We build on a model originally proposed by Jon Kleinberg and Sigal Oren [KO14]. In their model, tasks are represented by directed, acyclic graphs with designated start node $s$ and end node $t$. The agent traverses a shortest $s\to t$ path with one twist: when the evaluating the cost of a path, they multiply the cost of the first edge by their bias parameter, $b$. They traverse the first step of this biased path, and then recompute the best path. Existing results show that these biased agents can take exponentially more costly paths through a given graph.

In our model, the task designer can chunk edges into smaller pieces. We show that, for edges along the shortest path, the optimal way to chunk an edge is to make initial pieces easier and later pieces progressively harder. For edges not along the shortest path, optimal chunking is significantly more complex, but we provide an efficient algorithm. We also show that with a linear number of chunks on each edge, the biased agent’s cost can be exponentially lowered to within a constant factor of the true cheapest path. Finally, we show how to optimally chunk task graphs for multiple types of agents simultaneously.

An “Ethics-First” Approach to Evidence

There are many ethical norms surrounding evidence. Evidence determines when researchers should halt drug trials, and what pharmaceutical companies are obliged to disclose to the public. Prosecutors and witnesses are obliged to disclose certain types of evidence in court trials, and jury members are obliged to be responsive to evidence when rendering their verdicts. But scientific evidence is often defined in purely statistical terms. We bridge this gap, by deriving theories of statistical evidence from ethical premises. Specifically, we argue that several theories of statistical evidence, including likelihoodism, Bayesian confirmation theory, and Robust Bayesianism (see below), answer the ethical question, “When is a scientist obliged to disclose experimental data or analysis?” In the future, we hope to extend our “ethics-first” approach to other epistemological concepts, such as knowledge or confirmation.

Present Bias in Competitive Task Completion

Can competition eliminate the harms of procrastination? We augment an existing model of present bias in task completion with a unique competitive twist, and find that a small amount of competition alleviates the significant harms of procrastination.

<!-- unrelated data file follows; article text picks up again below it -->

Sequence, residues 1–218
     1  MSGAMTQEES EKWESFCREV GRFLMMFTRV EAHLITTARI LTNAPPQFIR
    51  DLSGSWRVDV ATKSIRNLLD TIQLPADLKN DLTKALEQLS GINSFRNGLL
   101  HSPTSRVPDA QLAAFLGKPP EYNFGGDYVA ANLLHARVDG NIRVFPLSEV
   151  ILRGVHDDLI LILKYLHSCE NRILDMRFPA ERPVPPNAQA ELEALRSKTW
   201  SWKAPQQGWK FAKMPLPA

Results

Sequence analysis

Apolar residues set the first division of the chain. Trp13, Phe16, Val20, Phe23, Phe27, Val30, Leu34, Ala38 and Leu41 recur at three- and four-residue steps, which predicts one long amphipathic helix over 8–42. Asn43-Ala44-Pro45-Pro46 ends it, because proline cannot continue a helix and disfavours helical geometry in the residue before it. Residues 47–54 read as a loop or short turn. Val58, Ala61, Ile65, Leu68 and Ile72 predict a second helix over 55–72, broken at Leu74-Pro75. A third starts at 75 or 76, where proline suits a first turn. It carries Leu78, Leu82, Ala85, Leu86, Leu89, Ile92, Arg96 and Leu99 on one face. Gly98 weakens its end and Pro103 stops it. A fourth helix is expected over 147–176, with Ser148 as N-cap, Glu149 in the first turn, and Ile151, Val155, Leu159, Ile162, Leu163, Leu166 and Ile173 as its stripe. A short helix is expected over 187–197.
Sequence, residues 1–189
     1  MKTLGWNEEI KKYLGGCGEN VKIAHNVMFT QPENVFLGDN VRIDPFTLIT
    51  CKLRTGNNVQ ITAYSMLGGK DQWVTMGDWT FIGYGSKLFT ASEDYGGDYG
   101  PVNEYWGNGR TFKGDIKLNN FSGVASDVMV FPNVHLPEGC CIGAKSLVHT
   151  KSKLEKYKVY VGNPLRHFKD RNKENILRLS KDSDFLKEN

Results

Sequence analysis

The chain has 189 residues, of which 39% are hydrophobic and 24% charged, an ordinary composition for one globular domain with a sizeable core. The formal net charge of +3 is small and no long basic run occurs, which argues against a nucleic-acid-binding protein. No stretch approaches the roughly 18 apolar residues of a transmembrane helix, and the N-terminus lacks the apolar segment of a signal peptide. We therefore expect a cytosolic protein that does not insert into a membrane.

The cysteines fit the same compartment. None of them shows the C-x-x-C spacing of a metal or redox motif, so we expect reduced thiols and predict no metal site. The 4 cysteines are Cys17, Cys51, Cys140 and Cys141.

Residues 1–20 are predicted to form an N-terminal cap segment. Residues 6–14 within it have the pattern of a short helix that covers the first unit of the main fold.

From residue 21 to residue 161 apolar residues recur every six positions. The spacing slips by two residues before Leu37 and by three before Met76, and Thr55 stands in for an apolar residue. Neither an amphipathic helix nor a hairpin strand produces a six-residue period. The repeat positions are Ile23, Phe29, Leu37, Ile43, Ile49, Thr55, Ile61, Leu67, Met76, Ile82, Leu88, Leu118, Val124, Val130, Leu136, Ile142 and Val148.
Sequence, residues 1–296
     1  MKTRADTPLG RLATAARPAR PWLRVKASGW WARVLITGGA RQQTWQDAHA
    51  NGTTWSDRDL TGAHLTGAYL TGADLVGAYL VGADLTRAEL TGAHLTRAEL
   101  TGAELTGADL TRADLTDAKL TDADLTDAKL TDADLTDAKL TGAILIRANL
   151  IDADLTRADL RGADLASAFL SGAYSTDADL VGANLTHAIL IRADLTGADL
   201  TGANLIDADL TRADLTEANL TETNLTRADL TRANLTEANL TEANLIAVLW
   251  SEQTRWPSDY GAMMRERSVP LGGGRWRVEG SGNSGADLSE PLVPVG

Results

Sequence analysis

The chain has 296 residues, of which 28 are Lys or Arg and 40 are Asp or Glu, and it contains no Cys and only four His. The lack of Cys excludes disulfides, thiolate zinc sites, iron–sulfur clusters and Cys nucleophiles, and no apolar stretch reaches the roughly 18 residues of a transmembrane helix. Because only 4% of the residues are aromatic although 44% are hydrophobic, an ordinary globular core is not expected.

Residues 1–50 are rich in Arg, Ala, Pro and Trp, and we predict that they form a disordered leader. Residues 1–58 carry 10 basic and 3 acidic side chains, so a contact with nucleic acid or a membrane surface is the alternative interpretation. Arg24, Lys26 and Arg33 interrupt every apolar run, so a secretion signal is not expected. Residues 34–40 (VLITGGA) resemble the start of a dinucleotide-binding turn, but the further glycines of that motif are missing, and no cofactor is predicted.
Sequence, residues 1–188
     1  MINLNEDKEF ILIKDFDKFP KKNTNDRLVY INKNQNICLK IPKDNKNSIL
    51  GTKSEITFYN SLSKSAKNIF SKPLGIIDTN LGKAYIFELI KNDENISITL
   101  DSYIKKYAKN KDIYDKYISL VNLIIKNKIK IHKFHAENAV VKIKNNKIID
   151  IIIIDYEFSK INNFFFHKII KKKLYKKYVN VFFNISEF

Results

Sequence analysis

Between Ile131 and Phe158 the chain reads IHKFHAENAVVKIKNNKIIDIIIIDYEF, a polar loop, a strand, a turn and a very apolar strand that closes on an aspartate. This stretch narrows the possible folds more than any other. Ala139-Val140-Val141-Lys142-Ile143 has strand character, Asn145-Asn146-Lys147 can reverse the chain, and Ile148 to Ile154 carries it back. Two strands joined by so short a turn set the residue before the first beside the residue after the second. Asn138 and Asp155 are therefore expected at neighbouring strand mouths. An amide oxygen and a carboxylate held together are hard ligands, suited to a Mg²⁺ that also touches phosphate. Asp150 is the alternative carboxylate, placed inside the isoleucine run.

We build on a model originally proposed by Jon Kleinberg and Sigal Oren [KO14]. In their model, tasks are represented by directed, acyclic graphs with designated start node $s$ and end node $t$. The agent traverses a shortest $s\to t$ path with one twist: when the evaluating the cost of a path, they multiple the cost of the first edge by their bias parameter, $b$. They traverse the first step of this biased path, and then recompute the best path. Existing results show that these biased agents can take exponentially more costly paths through a given graph.

We augment this model by having two agents compete to finish the task first, with the winner getting a reward. We show that, for any graph, a very small amount of reward convinces biased agents to behave optimally, even when their natural behavior would have exponentially high cost. The amount of reward needed to guarantee optimal behavior with competition is also significantly less (in general) than several non-competitive reward schemes in the existing literature.

Robust Bayesianism: A New Theory of Statistical Evidence

We investigate a new theory of statistical evidence that analyzes likelihood-based methods through a Bayesian lens. Our theory better clarifies the objectivity of evidence, and takes the view that evidence primarily serves as a tool to convince a community of the truth of some hypothesis. Our theory is technically interesting because it’s compatible with weaker forms of rationality. Specifically, we work with a mathematical framework of qualitative, conditional probability, rather than quantitative degrees of belief.

We start from the perspective that evidence is inherently social – its primary purpose is persuasion. We thus formulate principles that essentially state that $E$ is good evidence for hypothesis $H_1$ over $H_2$ if it raises one’s posterior in $H_1$ by more than one’s posterior in $H_2$, regardless of one’s prior (it thus convinces all Bayesian agents). Our theory is closely related to likelihoodism. We show that likelihoodist principles are equivalent to our Robust Bayesian principles in the standard setting, where agents are assumed to have probabilistic beliefs. However, our theory generalizes to a setting of qualitative belief functions, and in this broader setting only some likelihoodist principles have analogs, suggesting that those principles which don’t generalize may simply be modeling artifacts. In a related line of work, we argue that social norms of rationality better justify some aspects of Bayesianism, especially in scientific contexts. That paper is also listed below, as the ‘Foundations Paper’